Bush himself is likely to suffer the malaise and confusion that has beset every second-term president since Franklin Roosevelt. The suppressed revolt over foreign policy in his party is likely to break out. As a lame duck, he will have to contend with a House leadership unwilling to be pushed around. And he will be faced with decisions--including appointments to the Supreme Court--in which he will have to choose between infuriating his core constituencies or inciting more GOP defections in states like Colorado and Virginia. Bush got himself elected by waging a successful culture war; but that is not going to help him in Washington--or around the world--for the next four years. (TNR.com)
And as Krugman wrote:
This election did not prove the Republicans unbeatable. Mr. Bush did not win in a landslide. Without the fading but still potent aura of 9/11, when the nation was ready to rally around any leader, he wouldn't have won at all. And future events will almost surely offer opportunities for a Democratic comeback.
I don't hope for more and worse scandals and failures during Mr. Bush's second term, but I do expect them. The resurgence of Al Qaeda, the debacle in Iraq, the explosion of the budget deficit and the failure to create jobs weren't things that just happened to occur on Mr. Bush's watch. They were the consequences of bad policies made by people who let ideology trump reality.
Does this mean that the Democrats are condemned to permanent minority status? No. The religious right - not to be confused with religious Americans in general - isn't a majority, or even a dominant minority. It's just one bloc of voters, whom the Republican Party has learned to mobilize with wedge issues like this year's polarizing debate over gay marriage.
Rather than catering to voters who will never support them, the Democrats - who are doing pretty well at getting the votes of moderates and independents - need to become equally effective at mobilizing their own base. In fact, they have made good strides, showing much more unity and intensity than anyone thought possible a year ago. But for the lingering aura of 9/11, they would have won. What they need to do now is develop a political program aimed at maintaining and increasing the intensity. That means setting some realistic but critical goals for the next year.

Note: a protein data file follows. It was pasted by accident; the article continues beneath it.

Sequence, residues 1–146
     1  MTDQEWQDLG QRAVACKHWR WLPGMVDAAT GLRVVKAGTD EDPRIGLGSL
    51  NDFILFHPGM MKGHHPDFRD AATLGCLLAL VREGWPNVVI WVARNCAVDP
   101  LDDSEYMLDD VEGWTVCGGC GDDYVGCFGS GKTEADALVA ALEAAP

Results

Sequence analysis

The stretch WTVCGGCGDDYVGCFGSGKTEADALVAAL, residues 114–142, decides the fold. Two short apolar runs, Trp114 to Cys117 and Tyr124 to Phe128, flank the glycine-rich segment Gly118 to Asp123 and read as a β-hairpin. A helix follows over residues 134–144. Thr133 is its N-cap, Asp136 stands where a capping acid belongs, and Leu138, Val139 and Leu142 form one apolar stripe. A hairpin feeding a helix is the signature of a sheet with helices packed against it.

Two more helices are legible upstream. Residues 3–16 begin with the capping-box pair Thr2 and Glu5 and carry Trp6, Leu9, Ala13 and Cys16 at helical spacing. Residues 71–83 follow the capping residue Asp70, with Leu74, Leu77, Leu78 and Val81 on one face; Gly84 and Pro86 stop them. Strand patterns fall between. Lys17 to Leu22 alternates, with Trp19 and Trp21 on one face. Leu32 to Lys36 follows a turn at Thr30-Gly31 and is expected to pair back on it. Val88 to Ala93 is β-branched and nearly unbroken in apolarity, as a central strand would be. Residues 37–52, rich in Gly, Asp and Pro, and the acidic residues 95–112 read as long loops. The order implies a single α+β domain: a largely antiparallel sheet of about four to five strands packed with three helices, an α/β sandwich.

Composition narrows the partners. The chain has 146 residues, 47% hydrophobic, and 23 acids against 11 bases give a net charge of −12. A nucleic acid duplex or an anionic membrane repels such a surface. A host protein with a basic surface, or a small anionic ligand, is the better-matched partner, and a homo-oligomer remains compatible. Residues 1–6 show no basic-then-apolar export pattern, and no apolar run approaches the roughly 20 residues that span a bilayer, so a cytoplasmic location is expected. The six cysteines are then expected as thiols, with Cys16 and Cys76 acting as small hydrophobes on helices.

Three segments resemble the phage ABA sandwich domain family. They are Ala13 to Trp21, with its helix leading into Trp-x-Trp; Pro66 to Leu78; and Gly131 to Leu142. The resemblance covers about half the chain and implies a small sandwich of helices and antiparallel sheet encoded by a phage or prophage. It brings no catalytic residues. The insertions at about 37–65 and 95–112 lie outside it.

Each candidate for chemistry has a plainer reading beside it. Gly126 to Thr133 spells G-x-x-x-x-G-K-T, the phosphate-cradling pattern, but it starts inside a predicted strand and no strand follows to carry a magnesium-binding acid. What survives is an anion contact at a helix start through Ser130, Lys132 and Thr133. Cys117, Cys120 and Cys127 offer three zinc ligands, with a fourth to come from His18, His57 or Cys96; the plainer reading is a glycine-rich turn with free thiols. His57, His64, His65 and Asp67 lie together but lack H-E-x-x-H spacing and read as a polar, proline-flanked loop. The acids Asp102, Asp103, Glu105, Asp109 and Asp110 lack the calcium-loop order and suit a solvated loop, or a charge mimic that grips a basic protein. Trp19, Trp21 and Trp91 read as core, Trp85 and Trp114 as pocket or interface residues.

Get ready for the GOP to implode as the second term becomes unglued as the incompetence truly catches up with GW (word is many in his first term administration are lined up at the door to leave / resign). In addition, we should heed Paul Krugman's advice and just continue to organize and pour it on. He is so right about 9-11 for if it were not for the lingering tragic memory of that day, Bush would've got demolished. Oh sure, the religious anti-gay/abortion folks would've voted for him, but likely not the millions of more reasonable Republican voters who went with him this time due to fear and terror threat. The country has a short memory but try to recall the fate of GW on Sept. 10, 2001 -- he was toast. What the Dems should NOT succumb to is what will undoubtedly happen to the GOP (they're known for this) and that is infighting & power struggles.